One way scientists are addressing climate change apathy is by embedding human narratives into empirical information visualisations. One example comes from Professor of Biology Lesley Hughes, who altered a well-known graph of rising global temperature over the next hundred years by adding three lines: ‘me, my children, my grandchildren?’ This simple alteration, with its anxious question mark, puts the distance of decades into terms we can empathise with. This altered graph represents a new approach to climate change communication in which scientists recognise the value of extending quantitative data with qualitative information. Or, as science communicator and analyst Ketan Joshi puts it in a 2017 article for The Guardian: ‘it’s time to build a bridge between data and emotion.’
Human narratives are also being used to address climate change through climate fiction (cli-fi) which deals with the possible consequences of ecological issues through immersive, fictional scenarios. Many cli-fi authors† underpin their fiction with extensive scientific research, creating plausible speculations for readers to explore through the lens of characters, as they move through possible environmental, political and psychological consequences of anthropogenic climate change. Critics and authors advocate cli-fi as a gateway for readers who don’t usually engage with science, making environmental issues more personal and less obscured by political and scientific jargon.
Comparing the two approaches, ‘emotive’ scientific visualisations have the advantage of immediacy; the visual form of a diagram or chart takes little time to decipher, packing an instant punch. Yet through their conventional graphic language, these visualisations still read as representations of ‘what is to be’ and allow little opportunity for speculation or hope. Cli-fi novels demand longer attention and a willingness to engage in genre- fiction but reveal more nuanced arguments and narratives.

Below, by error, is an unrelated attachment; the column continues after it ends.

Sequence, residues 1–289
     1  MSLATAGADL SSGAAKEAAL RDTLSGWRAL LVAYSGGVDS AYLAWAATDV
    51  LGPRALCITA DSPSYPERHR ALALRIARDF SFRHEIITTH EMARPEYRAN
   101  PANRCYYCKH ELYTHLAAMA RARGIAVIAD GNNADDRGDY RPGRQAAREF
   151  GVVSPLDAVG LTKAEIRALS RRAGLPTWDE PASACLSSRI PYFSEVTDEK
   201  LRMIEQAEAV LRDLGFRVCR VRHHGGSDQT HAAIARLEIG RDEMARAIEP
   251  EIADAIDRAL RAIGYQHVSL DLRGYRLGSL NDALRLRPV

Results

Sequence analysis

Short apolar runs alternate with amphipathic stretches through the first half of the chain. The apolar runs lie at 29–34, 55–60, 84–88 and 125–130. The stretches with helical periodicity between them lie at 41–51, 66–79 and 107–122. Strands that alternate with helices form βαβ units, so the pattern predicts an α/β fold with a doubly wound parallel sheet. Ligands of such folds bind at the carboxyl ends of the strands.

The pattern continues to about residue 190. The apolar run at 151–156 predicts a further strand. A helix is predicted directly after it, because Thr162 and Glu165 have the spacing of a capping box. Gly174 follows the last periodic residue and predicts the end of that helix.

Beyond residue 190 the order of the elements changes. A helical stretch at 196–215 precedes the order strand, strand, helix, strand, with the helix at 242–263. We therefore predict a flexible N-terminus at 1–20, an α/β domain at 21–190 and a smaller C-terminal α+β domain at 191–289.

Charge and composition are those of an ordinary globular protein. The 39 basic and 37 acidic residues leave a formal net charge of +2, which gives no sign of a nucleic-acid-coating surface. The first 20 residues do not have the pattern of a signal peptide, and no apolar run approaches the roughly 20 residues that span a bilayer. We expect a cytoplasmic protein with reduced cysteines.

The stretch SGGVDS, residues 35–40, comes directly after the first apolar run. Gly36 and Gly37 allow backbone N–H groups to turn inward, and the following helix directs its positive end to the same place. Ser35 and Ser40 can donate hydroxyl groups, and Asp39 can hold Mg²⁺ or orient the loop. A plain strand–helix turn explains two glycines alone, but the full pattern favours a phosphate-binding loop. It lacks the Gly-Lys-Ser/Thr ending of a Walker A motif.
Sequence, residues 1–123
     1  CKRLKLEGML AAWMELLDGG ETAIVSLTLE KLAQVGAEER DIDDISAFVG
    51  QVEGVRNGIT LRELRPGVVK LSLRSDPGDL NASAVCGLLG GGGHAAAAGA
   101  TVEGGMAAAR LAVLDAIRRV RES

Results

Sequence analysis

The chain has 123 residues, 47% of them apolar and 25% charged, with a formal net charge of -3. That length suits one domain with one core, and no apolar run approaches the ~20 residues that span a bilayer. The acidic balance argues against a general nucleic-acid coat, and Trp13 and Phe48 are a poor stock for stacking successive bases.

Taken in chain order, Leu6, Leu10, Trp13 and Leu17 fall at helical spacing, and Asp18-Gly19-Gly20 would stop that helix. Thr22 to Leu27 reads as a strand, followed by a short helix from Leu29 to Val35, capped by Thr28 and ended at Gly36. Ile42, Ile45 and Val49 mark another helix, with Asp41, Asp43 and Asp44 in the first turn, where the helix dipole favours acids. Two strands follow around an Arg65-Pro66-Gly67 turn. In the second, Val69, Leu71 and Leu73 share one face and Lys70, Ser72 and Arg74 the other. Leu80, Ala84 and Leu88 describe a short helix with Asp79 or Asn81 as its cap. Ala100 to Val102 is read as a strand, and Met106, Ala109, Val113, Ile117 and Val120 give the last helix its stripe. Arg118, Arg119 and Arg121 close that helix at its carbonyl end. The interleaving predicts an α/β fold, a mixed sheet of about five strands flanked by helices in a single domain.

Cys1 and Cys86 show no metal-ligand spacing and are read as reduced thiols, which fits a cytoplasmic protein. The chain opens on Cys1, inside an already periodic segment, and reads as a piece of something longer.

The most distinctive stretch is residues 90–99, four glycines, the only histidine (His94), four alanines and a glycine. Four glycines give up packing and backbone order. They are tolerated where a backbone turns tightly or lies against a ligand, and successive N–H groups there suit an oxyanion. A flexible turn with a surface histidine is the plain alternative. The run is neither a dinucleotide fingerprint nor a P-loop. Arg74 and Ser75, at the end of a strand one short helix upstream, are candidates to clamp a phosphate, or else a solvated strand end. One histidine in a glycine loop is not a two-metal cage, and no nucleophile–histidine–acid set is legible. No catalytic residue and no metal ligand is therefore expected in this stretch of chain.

Margaret Atwood’s Maddaddam trilogy—Oryx and Crake (2003), Year of the Flood (2009) and Maddaddam (2013)—is set in a post- apocalyptic near-future in which human-induced climate change and bioengineering have catastrophically altered the earth’s ecosystem and inhabitants. Humans are directly responsible for mass extinction of plant and animal species and have unleashed genetically modified creatures that evolve in unexpected ways. The most frightening aspect of Atwood’s vision is that it is based on real-world science. Atwood says her speculative fiction ‘does not include any technologies or biobeing that do not already exist, are not under construction, or are not possible in theory.’
The series of ’speculative diagrams’ exhibited here visually interpret key ideas from Atwood’s trilogy, juxtaposed with scientific information drawn from journal articles and news reports. These diagrams marry Atwood’s fiction with the real world science it is based upon in order to draw attention to the way these different genres—fiction and science journalism—address urgent ecological issues.
For example, ‘Extinctathon v. 2019’ charts every animal mentioned in the trilogy, overlaid with the IUCN conservation status of each creature in 2019. A set of specimen charts depict three of the genetically modified creatures from Atwood’s trilogy —a pigoon, a wolvog and a luminous rabbit—accompanied by reports of the ethical and environmental consequences of similar real-world genetic experiments.
Meanwhile, courage: homo sapiens sapiens sometimes deserves his double plus for intelligence. Let’s hope we are about to start living in one of those times.
—Margaret Atwood, ‘It’s not climate change, it’s everything change’, Medium. 2015.
† Blogger Dan Bloom is credited with coining the term ‘cli-fi’. When Atwood re-tweeted him, the term went viral. Bloom is adamant cli-fi is a unique literary category, not a sub-genre of sci-fi. Some authors reject their work being labelled cli-fi; on his blog James Bradley describes it as ‘a term that has some utility as a marketing category but seems to occlude more than it reveals when deployed as a critical tool.’ Atwood prefers ‘speculative fiction’.
At the exhibition, I shared my reading list and provided a blank A1 poster and with sticky notes for visitors to leave reading suggestions. Here is a link to a Google spreadsheet with my list and suggestions (that I found relevant to this work): https://tinyurl.com/yypql5bx